Dueling divas

An Evening with Shakespeare's Women

By William Shakespeare
Directed by Julie S. Halpern
Love Street Theatre
Abingdon Theatre Arts Complex (black box theatre)
Equity showcase (closed)
Review by Jade Esteban Estrada

Close your eyes and imagine a world full of divas. The Love Street Theatre production of An Evening with Shakespeare's Women offered all the fun scenes featuring female roles without having to sit through all the other stuff, all in a little under two hours flat. Not unlike a musical concert where all of your favorite artists sing your favorite songs, this band of mighty minstrels took the very best words of playwright William Shakespeare and made them sing. (Oh, you can open your eyes now).

The show opened with a bare stage to a scene between Adriana (Donna Stearns) and Luciana (Janna Rosenkranz) in Comedy of Errors. These two actresses had the difficult job of setting the style of the evening's presentation. The show was performed with no real costume changes (which worked) and felt very much as if the audience had accidentally walked in on an advanced acting class.

What Halpern intended became clearer when the majestic Rachel Russell walked onto the stage to portray Portia in a scene from The Merchant of Venice. Later in the second act, Halpern wisely placed her in a moving scene from the lesser-known play Coriolanus, where she played Volumnia. The actress possessed a voice so full of passion that her onstage presence was reminiscent of a night at the opera. Russell had "solo actress" stamped on her forehead, as was also evident when she shared the stage in a scene from As You Like It at the show's end.

Clara Barton Green entered next as Miranda in The Tempest and painted the lovely scenario of the young woman in love under the watch of her father. She showed a definite change in her body language and delivery when she later entered as Titania in A Midsummer Night's Dream. Her last words in her monolog from As You Like It were adorable.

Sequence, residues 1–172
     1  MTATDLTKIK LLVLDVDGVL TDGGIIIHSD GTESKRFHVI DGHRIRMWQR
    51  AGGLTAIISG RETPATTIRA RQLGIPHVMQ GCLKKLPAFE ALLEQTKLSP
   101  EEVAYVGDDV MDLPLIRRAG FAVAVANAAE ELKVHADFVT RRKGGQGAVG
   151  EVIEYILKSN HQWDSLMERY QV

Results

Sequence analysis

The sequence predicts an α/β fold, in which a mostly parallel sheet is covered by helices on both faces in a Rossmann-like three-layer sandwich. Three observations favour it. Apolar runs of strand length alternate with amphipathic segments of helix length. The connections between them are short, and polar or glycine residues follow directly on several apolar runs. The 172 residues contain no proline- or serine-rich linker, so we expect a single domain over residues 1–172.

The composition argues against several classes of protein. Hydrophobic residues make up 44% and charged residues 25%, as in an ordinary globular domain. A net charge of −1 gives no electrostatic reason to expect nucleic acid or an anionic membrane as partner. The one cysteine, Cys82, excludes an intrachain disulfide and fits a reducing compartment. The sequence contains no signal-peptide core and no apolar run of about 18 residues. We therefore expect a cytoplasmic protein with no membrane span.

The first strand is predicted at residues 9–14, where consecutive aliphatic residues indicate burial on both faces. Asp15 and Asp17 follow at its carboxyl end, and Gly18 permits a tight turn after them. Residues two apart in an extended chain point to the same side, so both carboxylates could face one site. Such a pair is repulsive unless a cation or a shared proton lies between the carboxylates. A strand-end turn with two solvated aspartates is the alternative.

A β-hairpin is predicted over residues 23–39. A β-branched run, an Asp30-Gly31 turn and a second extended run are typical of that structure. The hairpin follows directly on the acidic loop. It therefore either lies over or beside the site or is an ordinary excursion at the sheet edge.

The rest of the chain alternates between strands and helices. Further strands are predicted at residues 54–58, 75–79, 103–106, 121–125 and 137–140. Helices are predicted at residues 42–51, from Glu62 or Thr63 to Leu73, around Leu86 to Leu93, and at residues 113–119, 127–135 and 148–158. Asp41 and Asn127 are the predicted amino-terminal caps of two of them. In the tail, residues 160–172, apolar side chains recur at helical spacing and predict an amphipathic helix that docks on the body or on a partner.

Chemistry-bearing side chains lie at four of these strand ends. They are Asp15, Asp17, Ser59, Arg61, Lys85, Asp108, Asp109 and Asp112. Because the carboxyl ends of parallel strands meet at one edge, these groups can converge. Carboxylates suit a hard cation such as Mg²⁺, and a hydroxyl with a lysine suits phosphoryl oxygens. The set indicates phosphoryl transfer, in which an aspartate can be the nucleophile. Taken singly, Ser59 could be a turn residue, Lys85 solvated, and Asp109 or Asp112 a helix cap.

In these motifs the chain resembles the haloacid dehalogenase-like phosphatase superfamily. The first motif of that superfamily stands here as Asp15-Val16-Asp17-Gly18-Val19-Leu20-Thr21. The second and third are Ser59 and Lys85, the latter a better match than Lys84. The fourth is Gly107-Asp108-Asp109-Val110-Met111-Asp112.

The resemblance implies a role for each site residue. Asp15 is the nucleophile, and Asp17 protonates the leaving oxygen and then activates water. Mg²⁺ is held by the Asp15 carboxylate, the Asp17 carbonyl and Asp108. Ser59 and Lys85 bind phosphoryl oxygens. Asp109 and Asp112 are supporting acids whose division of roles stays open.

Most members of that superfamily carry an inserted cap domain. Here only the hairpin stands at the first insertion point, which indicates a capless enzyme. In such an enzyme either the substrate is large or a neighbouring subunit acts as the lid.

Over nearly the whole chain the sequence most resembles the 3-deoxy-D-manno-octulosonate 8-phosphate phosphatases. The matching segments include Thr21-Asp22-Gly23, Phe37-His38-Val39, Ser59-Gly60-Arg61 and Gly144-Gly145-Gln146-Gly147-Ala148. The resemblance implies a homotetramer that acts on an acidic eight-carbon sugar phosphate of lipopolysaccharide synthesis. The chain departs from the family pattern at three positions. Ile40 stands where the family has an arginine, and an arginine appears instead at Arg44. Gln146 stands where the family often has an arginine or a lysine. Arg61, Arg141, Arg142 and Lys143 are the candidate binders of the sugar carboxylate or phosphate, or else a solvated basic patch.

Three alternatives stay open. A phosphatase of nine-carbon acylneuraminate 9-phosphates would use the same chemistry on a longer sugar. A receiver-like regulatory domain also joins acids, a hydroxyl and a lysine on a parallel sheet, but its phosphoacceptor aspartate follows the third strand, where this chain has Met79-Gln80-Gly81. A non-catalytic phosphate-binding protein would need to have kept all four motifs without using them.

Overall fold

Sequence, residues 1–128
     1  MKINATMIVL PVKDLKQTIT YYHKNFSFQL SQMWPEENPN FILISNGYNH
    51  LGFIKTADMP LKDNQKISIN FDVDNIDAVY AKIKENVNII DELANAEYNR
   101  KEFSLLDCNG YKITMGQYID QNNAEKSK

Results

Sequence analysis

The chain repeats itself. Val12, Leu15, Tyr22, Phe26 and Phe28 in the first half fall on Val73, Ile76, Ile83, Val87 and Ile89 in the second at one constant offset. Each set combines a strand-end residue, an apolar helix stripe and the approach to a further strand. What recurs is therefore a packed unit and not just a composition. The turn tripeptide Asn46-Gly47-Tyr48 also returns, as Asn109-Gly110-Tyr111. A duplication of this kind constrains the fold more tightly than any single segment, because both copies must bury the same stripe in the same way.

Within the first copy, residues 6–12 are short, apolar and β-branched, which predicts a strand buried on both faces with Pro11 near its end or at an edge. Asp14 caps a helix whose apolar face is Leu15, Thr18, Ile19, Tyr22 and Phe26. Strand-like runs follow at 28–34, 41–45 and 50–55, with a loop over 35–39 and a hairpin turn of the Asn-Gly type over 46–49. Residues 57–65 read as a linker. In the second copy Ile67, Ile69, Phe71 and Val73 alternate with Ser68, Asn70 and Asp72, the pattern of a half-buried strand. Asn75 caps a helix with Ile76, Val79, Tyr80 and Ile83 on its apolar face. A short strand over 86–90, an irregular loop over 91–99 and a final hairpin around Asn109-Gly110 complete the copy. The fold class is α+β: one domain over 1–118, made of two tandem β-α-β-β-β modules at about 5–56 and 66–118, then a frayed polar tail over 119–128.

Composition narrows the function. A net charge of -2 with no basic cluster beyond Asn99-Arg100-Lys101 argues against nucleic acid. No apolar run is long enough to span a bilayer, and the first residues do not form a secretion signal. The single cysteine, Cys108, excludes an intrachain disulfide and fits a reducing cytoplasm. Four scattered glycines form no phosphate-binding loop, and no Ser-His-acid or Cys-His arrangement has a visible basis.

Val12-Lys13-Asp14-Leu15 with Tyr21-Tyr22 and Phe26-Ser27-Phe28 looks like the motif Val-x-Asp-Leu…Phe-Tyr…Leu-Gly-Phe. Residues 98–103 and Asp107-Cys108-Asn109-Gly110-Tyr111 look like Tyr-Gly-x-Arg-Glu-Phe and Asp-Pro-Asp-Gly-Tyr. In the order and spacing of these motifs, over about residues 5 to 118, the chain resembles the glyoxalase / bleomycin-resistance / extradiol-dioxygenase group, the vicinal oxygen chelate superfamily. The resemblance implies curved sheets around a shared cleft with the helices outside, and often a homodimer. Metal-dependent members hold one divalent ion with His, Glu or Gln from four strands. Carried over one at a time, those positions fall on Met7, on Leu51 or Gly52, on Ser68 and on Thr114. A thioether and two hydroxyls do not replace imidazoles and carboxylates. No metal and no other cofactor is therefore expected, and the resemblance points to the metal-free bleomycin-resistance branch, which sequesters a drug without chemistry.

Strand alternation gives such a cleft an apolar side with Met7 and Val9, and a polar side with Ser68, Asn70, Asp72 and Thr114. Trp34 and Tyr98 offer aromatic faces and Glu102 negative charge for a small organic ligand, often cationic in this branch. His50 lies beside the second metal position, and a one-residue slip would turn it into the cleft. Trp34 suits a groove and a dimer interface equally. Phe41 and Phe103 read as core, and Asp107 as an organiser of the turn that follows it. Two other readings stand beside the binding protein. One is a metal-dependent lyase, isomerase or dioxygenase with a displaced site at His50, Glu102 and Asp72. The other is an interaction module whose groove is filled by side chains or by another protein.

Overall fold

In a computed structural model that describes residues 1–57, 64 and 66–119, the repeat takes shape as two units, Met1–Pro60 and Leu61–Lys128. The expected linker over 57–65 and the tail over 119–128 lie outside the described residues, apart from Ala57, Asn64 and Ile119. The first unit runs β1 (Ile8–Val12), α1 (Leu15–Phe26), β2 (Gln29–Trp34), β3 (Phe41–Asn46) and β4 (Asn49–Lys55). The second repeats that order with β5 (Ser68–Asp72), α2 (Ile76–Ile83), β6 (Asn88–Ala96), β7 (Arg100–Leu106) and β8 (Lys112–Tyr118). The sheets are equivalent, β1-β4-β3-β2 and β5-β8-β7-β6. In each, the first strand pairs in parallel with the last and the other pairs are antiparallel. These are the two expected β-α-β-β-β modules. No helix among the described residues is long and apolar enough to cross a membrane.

Jane Stewart Fuentes entered next as the teary-eyed Hermione in The Winter's Tale. The clarity of her acting was showcased well in her portrayal of Viola in Twelfth Night. The skillful Rosenkranz, the winner of most of the audience laughter that night, joined her as Olivia.

The first act closes with an intense scene from Richard III, featuring Letty Ferrer as Queen Margaret, Stearns as a regal Duchess of York, and Halpern as Queen Elizabeth.

The single most entertaining selection was Stearns's fiery portrayal of Kate in Taming of the Shrew. This actress utterly transformed her hair, rhythm of speech, and body language when she entered a few scenes later as the stately Gertrude in Hamlet. Stearns was marvelous and mischievous.

The production also included scenes from Macbeth, Hamlet, Othello, Romeo and Juliet, and of course, Henry VIII.

Cyrus Newitt did an excellent job with lighting design, which was noticeable in all of Russell's scenes. Beryl Armistead artfully performed lights and sound (the latter a soundtrack of music from Shakespeare's era).

Making Shakespeare's comedy and humanity understandable to modern ears was achieved by all of the actresses (even though the evening could have been about two or three scenes shorter). It is to be hoped that Halpern's production will kick and fight to make itself more noticeable in more varied venues this summer, when future lovers of Shakespeare abound. This is a show that deserves to be seen.

Box Score:

Writing: 2
Directing: 1
Acting: 2
Sets: N/A
Costumes: 2
Lighting/Sound: 2

Return to Volume Nine, Number thirty-three Index

Return to Volume Nine Index

Return to Home Page

Copyright 2003 Jade Esteban Estrada